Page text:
Most textbooks on corporate finance start off by defining the goal of business as the maximization of shareholder value. This apparently innocuous definition generated the deviant model of business that is causing many of today's financial problems.
On the traditional model, companies focus on creating better products or services and when they succeed, the stock market rewards them accordingly. But, modern finance theory holds that, all things considered, share prices are the best indicator of the value of a company, not the finance-independent, quality of the underlying assets. The reasoning behind this claim can seem compelling if certain theoretical assumptions are accepted - the main one being that markets are efficient (which means, in effect, that they reflect the status of underlying assets in their pricing). We will perhaps look at these assumptions, and the evidence that is commonly adduced in their favour, on another occasion.
Meanwhile, we should note that when managers started to believe that share price is king, many of them lost their traditional focus. At first, this showed up in a wave of mergers and acquisitions. Smart business people recognised that it is easier, quicker, and less risky to improve stock market performance by buying or teaming up with other companies than it is to develop new products/services or refine old ones. At this stage, a lot of social harm was done, not to mention the opportunity costs of putting resources into acquiring other resources rather than the creation of new or better ones. However, finance theorists put a shiny gloss on all of this. Even though many of the deals came unstuck, they still happily claim that all was for the best, that the market for corporate control made business more efficient, put resources in the hands of those who were able to make better use of them, and gave investors a better deal. Because so much finance-theoretical research is politically contaminated even though it shelters under the image of scientific objectivity, we will probably have to wait decades get a less biased account.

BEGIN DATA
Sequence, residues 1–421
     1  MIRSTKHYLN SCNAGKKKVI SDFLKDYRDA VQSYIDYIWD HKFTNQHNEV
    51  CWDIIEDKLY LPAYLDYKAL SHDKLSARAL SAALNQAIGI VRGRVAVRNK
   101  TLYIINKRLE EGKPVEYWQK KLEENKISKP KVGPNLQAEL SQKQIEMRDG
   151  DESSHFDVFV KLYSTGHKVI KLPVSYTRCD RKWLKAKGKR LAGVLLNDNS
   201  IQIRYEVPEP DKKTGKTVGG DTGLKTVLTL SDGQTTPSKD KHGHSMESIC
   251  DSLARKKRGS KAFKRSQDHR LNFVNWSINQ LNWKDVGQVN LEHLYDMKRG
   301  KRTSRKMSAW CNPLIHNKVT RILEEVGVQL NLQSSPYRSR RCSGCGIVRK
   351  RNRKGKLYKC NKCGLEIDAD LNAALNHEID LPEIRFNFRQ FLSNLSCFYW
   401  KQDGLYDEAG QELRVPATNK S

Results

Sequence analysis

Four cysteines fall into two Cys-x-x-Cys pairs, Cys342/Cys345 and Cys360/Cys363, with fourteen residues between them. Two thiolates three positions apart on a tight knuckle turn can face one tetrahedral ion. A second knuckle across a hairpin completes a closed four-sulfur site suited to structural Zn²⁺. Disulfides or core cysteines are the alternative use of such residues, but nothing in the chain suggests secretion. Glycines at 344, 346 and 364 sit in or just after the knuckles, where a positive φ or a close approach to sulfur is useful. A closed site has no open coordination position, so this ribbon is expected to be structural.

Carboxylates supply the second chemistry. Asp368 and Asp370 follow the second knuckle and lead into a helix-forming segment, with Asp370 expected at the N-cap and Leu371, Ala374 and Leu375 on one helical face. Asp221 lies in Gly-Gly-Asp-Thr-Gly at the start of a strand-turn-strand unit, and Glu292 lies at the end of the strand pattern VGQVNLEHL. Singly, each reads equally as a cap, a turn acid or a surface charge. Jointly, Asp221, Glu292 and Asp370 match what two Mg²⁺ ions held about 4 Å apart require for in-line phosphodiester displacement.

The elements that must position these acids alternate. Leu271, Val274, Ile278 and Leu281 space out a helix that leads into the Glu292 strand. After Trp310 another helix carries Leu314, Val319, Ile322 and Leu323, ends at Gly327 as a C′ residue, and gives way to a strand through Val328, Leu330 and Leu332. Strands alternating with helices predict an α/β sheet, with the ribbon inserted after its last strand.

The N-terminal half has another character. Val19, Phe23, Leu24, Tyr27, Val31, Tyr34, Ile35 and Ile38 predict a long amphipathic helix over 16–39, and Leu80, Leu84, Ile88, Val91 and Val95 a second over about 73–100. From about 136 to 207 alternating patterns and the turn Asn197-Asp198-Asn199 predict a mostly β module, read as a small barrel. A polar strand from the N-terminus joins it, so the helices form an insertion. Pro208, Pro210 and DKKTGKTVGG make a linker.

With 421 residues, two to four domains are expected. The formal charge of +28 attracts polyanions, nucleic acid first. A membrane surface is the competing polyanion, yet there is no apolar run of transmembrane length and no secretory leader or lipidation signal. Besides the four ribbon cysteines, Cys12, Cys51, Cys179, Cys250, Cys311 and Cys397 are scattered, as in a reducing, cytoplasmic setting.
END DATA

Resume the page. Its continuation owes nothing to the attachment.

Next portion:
The next stage in deviancy came, when managers realised that the shortest route to wealth creation bypasses old-fashioned economic activity. It involves the direct manipulation of share price by creative accounting and financial wizardry. This takes us into Enron territory. But, don't think of Enron as a special case. Share price manipulation was widespread. It was aided by auditors who were incompetent and willing to turn a blind eye even when they were not. Finance theory also helped because it entailed that such tampering is impossible - the market will soon discover it and punish the share price accordingly. Not surprisingly there was a convenient political match-up here. Right-wing defenders of free markets were all too happy to take advantage of this theoretical blindfold, though naturally they did not wear it themselves. Many were too busy playing the manipulation game or taking backhanders from others who were were already doing so.
I've seen no data on this, but no doubt sophisticated investors, those who supposedly keep markets efficient, also took their eye off fundamentals, finding it more simpler and more lucrative to guess what others are likely to likely to invest in, to bet on the jockey rather than the form, as The Economist once put it (though in connection with CEOs).
I will talk about the final steps towards deviancy next time. Meanwhile here is a clue: Porsche's most recently recorded yearly profits before taxes were $11.6bn. Of these, only 12% came from making cars.